Just How Much is That Data Worth?
PCI Compliance has become a much larger part of credit card processing these days and for good reason. Being compliant is now mandatory because of the increased risk a breach on your terminal/gateway/virtual terminal. Our PCI Compliance partner, JDS, recently wrote a great article about the dangers of non-compliance and what the hackers really want.
“On any given day, you’re likely to read about a data breach, whether it involves credit card data, personal data, or medical data. So far this year, several big-name companies, including Global Payments and Zappos, have made headlines when it was announced that credit card information had been breached. Just this week the FBI disputed a claim made by a group of hackers who claim to have stolen personal identification data on millions of Apple device owners from an FBI agent’s laptop.
All of this activity begs the question – just how much is the data worth? The answer depends on who stole it, and why. Some hackers do it simply because they can, it’s a cyber game. Others, known as “hacktivists,” target specific companies to prove that their security is inadequate. In both of these scenarios, financial gain is not the goal.
It’s the third type of hacker, the criminals who make their living by selling stolen credit card data, that present the greatest financial risk to merchants and cardholders.
According to Chester Wisniewski, a Senior Security Adviser at United Kingdom-based computer security firm Sophos, these criminals tend to make their money by selling data in bulk to other criminals, known as “carders” – defined as someone who buys, sells and trades stolen credit card data online.
Stolen credit card data commands different prices, depending on the amount and type of information the hacker has illegally obtained. “Each piece of information stolen in a breach has a different value,” says John Harrison, Group Product Manager for endpoint threat protection, security technology and response at Symantec, based in Mountain View, Calif.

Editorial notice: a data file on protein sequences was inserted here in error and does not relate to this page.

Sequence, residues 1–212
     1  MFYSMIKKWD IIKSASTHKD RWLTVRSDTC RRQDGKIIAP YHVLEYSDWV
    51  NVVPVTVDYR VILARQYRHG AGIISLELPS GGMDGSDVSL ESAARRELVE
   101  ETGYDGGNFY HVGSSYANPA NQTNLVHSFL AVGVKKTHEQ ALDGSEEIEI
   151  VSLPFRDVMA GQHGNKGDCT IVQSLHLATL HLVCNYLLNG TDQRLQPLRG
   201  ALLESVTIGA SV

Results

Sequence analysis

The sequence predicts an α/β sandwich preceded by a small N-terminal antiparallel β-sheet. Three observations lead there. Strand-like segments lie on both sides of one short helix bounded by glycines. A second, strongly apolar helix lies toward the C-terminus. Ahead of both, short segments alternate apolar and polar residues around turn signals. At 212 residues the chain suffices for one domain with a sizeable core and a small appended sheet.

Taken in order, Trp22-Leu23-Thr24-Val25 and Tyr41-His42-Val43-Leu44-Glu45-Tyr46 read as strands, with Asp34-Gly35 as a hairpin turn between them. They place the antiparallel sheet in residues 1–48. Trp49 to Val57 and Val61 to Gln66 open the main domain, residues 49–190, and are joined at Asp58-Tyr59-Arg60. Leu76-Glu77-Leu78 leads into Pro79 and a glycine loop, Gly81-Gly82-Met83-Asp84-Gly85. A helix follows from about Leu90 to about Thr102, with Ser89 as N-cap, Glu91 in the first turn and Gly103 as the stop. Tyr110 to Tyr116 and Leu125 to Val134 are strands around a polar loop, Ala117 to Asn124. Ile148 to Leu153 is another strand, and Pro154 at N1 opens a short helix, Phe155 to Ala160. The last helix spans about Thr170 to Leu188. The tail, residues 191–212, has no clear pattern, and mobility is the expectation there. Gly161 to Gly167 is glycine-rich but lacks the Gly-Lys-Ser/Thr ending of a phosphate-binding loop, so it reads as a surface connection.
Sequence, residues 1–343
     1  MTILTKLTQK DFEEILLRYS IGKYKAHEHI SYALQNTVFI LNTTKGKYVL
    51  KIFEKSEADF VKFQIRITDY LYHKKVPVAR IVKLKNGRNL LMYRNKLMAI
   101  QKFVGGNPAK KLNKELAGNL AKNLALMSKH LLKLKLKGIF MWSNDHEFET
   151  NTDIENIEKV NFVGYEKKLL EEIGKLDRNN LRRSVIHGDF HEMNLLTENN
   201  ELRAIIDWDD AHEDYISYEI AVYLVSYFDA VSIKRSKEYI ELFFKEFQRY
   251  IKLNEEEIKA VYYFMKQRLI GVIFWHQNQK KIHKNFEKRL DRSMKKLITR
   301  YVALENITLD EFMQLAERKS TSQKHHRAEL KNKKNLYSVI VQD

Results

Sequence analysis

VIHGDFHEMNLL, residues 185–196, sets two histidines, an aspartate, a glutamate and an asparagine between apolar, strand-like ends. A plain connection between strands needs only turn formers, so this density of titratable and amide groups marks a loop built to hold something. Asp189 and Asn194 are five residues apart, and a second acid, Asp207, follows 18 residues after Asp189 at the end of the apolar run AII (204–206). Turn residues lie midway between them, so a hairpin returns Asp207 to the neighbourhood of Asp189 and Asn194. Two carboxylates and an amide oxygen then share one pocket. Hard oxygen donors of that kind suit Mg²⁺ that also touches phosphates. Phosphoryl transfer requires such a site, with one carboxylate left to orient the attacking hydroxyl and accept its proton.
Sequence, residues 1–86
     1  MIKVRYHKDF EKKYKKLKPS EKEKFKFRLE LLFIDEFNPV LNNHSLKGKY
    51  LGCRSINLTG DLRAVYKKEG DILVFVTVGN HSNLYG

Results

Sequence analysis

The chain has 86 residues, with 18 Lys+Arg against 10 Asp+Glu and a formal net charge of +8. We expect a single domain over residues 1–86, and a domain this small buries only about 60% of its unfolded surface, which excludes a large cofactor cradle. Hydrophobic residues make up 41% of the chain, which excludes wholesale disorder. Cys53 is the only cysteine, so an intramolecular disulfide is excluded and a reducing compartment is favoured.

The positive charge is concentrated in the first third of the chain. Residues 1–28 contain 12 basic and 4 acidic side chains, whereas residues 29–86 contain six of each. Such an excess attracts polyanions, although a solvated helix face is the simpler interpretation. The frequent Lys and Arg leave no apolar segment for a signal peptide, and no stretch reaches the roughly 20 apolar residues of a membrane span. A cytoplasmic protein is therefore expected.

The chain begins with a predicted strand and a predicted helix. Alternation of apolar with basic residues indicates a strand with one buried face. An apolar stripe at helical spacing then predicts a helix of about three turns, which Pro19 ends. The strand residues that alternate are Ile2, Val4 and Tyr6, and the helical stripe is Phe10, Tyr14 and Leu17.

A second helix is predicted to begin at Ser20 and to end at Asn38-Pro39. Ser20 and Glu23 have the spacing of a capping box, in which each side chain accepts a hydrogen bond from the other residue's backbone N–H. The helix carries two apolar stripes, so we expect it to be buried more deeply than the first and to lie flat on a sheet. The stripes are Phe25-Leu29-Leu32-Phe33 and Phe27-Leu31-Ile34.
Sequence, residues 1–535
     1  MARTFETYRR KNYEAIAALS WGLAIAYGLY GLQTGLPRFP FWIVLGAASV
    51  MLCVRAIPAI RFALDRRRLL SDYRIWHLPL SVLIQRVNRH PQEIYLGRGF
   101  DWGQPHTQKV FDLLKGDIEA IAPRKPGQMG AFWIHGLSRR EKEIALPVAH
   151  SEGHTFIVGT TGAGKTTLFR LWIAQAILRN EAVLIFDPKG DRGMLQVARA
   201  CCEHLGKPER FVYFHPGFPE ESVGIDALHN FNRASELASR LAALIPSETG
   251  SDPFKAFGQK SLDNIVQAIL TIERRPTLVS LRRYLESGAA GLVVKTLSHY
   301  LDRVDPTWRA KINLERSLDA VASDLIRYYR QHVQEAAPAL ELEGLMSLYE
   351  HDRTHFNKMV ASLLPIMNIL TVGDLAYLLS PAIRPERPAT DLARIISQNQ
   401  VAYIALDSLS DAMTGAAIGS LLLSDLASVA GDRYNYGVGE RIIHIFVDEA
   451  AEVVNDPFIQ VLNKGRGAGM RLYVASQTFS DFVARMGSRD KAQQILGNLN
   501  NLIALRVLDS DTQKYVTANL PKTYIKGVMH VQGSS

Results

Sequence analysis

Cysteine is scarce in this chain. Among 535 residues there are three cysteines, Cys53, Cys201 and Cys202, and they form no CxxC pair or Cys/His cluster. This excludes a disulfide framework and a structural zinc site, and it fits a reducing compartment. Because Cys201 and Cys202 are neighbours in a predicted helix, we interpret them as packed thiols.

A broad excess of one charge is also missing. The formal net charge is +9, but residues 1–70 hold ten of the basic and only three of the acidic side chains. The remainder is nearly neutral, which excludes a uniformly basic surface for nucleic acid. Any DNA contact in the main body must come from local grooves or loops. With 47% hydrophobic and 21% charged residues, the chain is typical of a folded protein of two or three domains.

A 2008 Symantec study found account numbers paired with expiration dates and card verification values were sold for anywhere from $.50 to $12.00, with packages ranging in size from five to 500 accounts. By comparison, card data without the expiration dates and card verification values were sold for approximately $.10 per piece. Pricing also varies depending on how soon a card will expire, and whether there is other personally identifiable information available for the card.
At these rates, it’s easy to see why hackers target companies the size of Global Payments and Zappos. Clearly, it’s a volume based “business”.
More often than not, the real money is made by the carders who purchase the stolen credit card data. The cards are used to purchase high-ticket items, which are then sold on online auction sites, generating virtually 100% profit to the carder. In the end, it’s impossible to say just how much that data is worth.”
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